Google’s parent company has completed a project using high-flying balloons to provide Internet access in hard-to-reach areas of the world.
The project, known as Loon, was launched in 2013 and aimed to connect people in remote areas where traditional ground-based infrastructure is too expensive or too difficult to install. However, Loon, which was overseen by Alphabet Inc., couldn’t cut enough costs to make its business model sustainable, project leader Alastair Westgarth wrote in a blog post Thursday.
“Developing a radical new technology is inherently dangerous, but it doesn’t make it easy to break this news,” Westgarth wrote.
Rune’s technology sent a tennis court-sized gas-filled polyethylene balloon into the stratosphere. Altitude is typically about 60,000-75,000 feet. There, on-board communication equipment sent Internet signals back to Earth. Westgarth states that the system was able to provide mobile coverage in an area 200 times larger than a typical ground cell tower.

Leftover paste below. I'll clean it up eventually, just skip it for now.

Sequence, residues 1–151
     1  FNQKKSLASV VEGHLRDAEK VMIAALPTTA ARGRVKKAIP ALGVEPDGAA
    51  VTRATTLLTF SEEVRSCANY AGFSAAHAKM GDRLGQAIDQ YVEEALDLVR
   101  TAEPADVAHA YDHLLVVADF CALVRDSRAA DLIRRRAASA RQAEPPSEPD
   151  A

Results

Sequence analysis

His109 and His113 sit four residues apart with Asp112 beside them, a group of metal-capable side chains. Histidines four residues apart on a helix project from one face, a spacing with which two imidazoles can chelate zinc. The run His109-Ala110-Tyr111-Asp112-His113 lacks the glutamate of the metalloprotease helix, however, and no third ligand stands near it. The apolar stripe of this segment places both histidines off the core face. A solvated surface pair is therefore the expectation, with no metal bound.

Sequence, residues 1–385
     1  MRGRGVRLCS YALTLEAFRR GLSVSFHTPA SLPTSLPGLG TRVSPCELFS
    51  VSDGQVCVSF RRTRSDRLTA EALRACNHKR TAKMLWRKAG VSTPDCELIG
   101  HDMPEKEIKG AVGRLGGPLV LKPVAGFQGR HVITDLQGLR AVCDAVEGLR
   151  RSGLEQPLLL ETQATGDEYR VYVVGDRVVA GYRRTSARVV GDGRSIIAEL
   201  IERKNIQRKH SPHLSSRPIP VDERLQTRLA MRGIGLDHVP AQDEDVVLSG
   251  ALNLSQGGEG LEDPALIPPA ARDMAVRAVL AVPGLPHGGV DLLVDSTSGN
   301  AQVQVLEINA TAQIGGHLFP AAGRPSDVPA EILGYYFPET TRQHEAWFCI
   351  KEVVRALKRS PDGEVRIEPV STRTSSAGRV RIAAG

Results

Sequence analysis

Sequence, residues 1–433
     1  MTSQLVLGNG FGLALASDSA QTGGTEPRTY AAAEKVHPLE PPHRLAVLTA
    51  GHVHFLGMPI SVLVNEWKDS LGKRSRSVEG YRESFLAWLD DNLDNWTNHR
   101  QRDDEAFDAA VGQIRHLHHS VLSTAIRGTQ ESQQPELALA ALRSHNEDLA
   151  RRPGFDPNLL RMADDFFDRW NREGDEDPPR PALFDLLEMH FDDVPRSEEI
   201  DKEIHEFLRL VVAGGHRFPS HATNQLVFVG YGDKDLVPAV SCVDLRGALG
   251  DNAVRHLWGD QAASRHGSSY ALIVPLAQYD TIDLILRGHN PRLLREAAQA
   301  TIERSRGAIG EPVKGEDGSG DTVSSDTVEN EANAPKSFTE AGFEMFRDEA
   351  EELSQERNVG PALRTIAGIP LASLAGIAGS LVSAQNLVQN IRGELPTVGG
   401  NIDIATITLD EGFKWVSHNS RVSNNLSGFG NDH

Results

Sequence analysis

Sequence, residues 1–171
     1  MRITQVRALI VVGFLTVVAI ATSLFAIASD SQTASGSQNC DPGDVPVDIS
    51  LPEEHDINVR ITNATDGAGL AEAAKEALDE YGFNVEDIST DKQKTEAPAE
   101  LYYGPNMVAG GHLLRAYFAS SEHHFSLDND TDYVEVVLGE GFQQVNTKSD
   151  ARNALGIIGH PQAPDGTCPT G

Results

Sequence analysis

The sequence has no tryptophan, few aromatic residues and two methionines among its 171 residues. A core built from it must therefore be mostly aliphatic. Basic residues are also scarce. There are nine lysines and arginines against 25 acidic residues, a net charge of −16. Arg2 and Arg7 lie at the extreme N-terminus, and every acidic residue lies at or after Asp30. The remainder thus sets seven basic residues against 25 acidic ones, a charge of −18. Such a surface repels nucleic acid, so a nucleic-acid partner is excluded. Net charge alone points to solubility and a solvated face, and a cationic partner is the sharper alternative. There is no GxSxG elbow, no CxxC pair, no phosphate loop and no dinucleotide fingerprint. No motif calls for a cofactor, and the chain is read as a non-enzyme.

The partnership brings Loon’s Internet coverage to developing countries and areas affected by natural disasters. In 2015, Alphabet said Loon would help increase Internet access in Indonesia. In Indonesia, two-thirds of the 250 million people were not online at the time.
Google plans to close Loon and use balloons for web access
Source link Google plans to close Loon and use balloons for web access